The following is a translation of an excerpt from Ishizue: Kashihara Genjiro no shinko to shogai (Cornerstone: The Faith and Life of Genjiro Kashihara) by Teruo Nishiyama. Note: This translation is a provisional one and may need to undergo further revision.
His Efforts and Sense of Mission
When Genjiro was a boy, he made a small discovery. He noticed that there were high-yield fields that reaped a large harvest and low-yield fields that reaped a small harvest. The Tenma family where he was born was a family of farmers devoted to their work and made it a point to rise early every morning. They happened to own many high-yield fields. The neighbors who owned low-yield fields tended to be late risers who disliked hard work. Genjiro saw that even though there was no difference in the fields themselves, he saw what a difference human effort made.
There is a proverb that goes as follows: The clock belonging to a family of early risers who work hard makes a sound that goes “chokin chokin” (savings, savings). The clock of a family of late risers who hate to work but love to play makes a sound that goes “shakin shakin” (debt, debt). The clock of a family that has a lot of money but does not contribute to society makes a sound that goes “kechin kechin” (cheapskate, cheapskate).
Genjiro took the insight he gained while still a boy and lived a life of pure effort. Genjiro gained prominence in Tenrikyo was a result of his cumulative effort.
During World War II, Myodo’s followers dormitory was used as an army and navy barracks. The head minister’s residence was used by a field grade officer. He looked at the writings Genjiro had done and said, “If I had put as much effort as he did, I would be a general or marshal by now.”
There were two areas in which he devoted his effort.
First was the effort he dedicated to serving God through salvation work, giving sermons, and going on mission tours to visit his congregation. The other area he dedicated his efforts was directed inward to train his spirit.
People tend to be selfish. One easily succumbs to self-indulgence if one is not careful. One’s great undertaking in life is to fight these tendencies. A Yoboku’s success depends on his or her ability to maintain the course on this main path.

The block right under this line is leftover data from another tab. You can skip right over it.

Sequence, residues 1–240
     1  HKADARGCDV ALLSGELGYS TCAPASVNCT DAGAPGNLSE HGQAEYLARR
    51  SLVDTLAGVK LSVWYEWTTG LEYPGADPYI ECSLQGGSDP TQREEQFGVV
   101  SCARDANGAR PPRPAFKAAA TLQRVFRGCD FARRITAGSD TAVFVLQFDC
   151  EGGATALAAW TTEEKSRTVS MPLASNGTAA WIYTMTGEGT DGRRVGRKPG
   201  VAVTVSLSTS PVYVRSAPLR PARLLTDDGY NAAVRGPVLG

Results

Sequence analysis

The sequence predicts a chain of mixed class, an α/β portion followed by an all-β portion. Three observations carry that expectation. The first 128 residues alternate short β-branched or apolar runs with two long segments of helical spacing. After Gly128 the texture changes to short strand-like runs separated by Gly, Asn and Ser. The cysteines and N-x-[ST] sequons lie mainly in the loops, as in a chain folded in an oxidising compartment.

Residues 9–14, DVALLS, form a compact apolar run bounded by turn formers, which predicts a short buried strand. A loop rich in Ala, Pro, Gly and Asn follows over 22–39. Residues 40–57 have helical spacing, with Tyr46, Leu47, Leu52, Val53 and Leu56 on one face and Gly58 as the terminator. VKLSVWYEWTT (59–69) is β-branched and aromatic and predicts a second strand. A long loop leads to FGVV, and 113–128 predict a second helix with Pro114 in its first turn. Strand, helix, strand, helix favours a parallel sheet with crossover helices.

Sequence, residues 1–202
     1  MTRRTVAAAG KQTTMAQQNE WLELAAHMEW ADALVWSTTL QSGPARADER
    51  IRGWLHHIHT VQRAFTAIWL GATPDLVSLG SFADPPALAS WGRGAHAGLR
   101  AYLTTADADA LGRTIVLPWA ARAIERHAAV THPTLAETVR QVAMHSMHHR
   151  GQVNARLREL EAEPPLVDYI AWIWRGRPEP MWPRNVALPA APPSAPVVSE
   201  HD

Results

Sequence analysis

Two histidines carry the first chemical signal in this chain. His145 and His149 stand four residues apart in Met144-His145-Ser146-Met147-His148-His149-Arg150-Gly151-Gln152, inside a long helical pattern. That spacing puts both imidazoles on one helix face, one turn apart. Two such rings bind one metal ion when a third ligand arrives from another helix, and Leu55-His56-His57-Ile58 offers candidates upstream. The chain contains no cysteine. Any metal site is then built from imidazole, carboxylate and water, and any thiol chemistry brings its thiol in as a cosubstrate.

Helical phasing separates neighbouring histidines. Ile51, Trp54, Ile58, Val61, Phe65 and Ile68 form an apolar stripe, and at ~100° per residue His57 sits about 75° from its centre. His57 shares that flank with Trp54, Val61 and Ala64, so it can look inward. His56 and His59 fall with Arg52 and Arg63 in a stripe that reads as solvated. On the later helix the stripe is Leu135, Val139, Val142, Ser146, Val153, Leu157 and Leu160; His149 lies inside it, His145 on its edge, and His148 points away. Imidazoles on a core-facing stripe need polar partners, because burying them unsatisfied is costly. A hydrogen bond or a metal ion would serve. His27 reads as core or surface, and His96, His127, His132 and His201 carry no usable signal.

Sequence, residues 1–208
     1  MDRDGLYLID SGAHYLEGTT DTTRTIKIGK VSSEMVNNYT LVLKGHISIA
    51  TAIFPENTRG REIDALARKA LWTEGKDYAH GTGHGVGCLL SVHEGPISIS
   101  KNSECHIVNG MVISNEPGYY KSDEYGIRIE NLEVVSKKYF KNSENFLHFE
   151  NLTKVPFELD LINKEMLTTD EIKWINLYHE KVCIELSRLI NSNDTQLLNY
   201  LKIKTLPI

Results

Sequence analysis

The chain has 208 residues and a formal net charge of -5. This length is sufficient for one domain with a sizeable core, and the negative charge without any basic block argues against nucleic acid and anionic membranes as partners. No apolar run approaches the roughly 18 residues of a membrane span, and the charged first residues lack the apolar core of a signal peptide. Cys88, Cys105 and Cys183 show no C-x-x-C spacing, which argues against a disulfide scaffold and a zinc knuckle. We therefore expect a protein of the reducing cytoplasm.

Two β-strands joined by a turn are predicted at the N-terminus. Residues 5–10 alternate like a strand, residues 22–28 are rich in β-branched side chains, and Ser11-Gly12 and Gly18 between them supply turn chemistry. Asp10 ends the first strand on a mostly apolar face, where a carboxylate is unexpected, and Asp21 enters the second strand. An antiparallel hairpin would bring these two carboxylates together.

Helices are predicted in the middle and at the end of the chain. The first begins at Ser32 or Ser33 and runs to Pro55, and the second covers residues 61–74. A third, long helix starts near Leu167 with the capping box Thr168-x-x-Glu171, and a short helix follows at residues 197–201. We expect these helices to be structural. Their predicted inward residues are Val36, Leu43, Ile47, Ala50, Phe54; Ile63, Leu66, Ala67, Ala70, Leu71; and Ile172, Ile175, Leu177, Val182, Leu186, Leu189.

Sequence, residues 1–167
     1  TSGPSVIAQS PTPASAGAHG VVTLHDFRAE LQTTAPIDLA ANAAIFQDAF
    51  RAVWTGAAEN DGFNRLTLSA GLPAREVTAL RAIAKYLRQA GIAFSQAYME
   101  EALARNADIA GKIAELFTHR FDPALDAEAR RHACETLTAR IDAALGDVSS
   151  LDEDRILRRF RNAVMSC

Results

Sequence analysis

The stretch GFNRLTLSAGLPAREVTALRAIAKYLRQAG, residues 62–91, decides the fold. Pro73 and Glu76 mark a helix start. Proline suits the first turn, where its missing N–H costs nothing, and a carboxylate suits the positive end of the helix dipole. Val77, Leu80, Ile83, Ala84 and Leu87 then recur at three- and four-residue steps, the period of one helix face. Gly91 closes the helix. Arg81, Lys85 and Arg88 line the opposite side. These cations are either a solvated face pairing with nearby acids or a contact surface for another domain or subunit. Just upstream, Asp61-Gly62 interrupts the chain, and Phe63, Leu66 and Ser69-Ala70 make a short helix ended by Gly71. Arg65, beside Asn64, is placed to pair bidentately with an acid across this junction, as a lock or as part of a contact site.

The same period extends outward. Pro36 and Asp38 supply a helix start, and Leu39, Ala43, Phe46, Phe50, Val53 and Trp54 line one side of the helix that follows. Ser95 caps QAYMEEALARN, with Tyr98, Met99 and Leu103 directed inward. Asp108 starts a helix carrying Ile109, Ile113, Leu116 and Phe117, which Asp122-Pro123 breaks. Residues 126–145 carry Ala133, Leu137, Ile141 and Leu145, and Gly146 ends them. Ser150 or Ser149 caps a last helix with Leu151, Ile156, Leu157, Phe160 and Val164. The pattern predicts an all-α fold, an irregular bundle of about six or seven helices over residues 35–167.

From the time he began his faith, Genjiro was pure and straightforward. He advanced forward without an ounce of doubt, without losing his way, and without rest. One would conclude that he accomplished this because the quality of his spirit. Genjiro was not endowed with some talent but with a straightforward, single-hearted spirit. He must have been in the top class when it came to the quality of his spirit. He attained greatness not because of his effort. He was able to make the effort he made because of the greatness of his spirit.
Among the words of Mencius: “When Heaven is about to bestow an important task on any person, the mind and the body is subjected to suffering. The person is exposed to hunger and poverty.”
As Genjiro studied such Chinese classic teachings in his youth, he may have sensed that his life was not going to be a life of comfort and that Heaven would not entrust him with an important task if he were to seek a life of comfort. Genjiro must have sensed that his important task in life was to follow and spread God’s path.
Human effort emerges when one aims high. Those with low aspirations cannot make the effort even when they want to; they can only sink to taking an easy route that only reaches halfway.
Considering things from this perspective, Genjiro was an idealist. By devoting his body and soul to bring his ideal into reality, his personality took on a gem-like perfection.
- Next installment in this series: Guidelines a Religious Worker Should Follow in Life